Big trees, 1903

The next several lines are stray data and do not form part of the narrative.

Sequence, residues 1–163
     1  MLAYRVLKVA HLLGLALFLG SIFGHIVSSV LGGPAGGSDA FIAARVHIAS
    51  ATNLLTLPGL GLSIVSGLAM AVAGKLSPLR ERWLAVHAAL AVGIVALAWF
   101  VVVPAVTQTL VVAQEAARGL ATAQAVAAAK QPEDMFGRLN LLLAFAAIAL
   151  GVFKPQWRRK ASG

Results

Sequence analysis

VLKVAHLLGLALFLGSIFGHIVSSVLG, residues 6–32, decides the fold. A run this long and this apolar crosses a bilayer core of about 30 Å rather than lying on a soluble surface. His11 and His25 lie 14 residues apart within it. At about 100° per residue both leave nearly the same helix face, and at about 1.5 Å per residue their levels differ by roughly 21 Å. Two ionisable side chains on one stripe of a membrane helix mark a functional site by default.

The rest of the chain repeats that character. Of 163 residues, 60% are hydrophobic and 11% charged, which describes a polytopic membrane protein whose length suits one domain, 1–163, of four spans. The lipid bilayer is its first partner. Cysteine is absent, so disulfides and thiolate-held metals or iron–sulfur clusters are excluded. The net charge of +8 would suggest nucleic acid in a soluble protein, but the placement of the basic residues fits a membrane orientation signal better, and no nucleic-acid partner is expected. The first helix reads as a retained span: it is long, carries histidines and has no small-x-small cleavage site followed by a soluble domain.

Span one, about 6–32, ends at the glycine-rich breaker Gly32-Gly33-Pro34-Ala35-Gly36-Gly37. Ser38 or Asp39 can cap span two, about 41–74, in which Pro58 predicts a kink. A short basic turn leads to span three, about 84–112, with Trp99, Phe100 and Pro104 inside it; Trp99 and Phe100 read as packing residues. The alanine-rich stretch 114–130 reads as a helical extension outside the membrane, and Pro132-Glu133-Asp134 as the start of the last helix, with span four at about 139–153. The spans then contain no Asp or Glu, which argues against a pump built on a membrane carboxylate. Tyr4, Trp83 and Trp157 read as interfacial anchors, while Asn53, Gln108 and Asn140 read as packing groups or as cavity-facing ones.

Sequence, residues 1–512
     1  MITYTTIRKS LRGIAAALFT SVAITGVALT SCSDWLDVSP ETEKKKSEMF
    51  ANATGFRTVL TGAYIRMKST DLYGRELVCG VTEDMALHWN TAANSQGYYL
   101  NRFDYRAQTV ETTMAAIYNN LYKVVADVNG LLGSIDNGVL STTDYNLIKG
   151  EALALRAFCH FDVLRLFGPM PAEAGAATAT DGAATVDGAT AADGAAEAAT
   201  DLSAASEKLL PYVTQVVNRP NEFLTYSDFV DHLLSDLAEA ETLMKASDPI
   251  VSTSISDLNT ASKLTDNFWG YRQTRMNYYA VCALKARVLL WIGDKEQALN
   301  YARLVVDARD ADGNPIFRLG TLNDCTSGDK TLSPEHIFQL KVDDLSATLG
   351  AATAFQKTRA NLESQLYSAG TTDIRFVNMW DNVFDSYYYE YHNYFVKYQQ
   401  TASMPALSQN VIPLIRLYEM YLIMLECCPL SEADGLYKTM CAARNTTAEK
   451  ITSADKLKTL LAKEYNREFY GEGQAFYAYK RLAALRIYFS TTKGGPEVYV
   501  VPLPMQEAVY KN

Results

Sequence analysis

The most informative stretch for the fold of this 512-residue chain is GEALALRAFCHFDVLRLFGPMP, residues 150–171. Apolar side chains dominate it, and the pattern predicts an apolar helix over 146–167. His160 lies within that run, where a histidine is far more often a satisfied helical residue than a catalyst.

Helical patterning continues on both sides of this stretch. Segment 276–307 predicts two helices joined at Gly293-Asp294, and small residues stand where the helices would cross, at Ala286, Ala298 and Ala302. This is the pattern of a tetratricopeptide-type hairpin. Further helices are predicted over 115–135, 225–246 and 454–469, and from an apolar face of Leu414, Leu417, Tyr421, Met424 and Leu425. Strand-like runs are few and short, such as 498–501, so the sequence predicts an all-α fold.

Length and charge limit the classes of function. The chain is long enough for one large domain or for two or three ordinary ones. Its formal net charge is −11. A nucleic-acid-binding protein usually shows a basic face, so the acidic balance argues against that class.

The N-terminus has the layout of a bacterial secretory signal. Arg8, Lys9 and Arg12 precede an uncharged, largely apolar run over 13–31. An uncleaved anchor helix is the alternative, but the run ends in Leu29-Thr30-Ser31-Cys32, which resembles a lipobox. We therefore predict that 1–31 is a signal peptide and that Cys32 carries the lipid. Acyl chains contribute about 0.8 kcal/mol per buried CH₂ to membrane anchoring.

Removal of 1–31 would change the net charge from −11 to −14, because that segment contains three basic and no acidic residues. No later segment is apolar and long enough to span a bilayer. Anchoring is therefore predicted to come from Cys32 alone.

Details: Thomas Hill (1829-1908) Big trees, 1903 Signed and dated lower right: “T. Hill/1903″ Oil on canvas Canvas size: 46 ¼” x 30″ Framed size: 55″ x 38 ¾” Provenance: Mrs. Joseph O. Tobin to Fine Arts Museums of San Francisco. Mrs. Joseph O. Tobin was the granddaughter of Michael Henry de Young, founder of the San Francisco Chronicle and benefactor of the M.H. de Young Memorial Museum. Thomas Hill was born in Birmingham, England on September 11, 1829. After immigrating to the United States in 1844, Hill settled with his family in Taunton, Massachusetts. He studied at the Pennsylvania Academy of the Fine Arts under the tutelage of Peter F. Rothermel. Hill painted in Massachusetts throughout the 1850’s, often in the White Mountains of New Hampshire with a group of artists that included Asher B. Durand, George Inness, Benjamin Champney, Albert Bierstadt, Virgil Williams and his brother Edward Hill. For health reasons he was forced to seek a milder climate and, with wife and children, made the overland trek to California in 1861. After settling in San Francisco, Hill advertised himself as a portrait painter. In 1862 Hill made his first trip to Yosemite accompanied by the artists William Keith and Virgil Williams. In 1866 Hill exhibited his Yosemite scenes at the National Academy, and later that year, traveled to Paris where he was a pupil of Paul Meyerheim and exhibited at the Universal Expo. Returning to the United States, Hill stayed in Boston from 1868 to 1970, but returned to San Francisco in 1871. He hit his artistic stride in California during the 1870s, beginning with his first grandiose painting, The Yosemite Valley, which was published as a chromolithograph by Prang. With Frederic Whymper, Hill was a founding member of the San Francisco Art Association, and in 1873, he became a member of the Bohemian Club, a men’s organization dedicated to cultural enhancement. Hill built a studio in Yosemite in 1883, which would become his main residence for rest of his life (his wi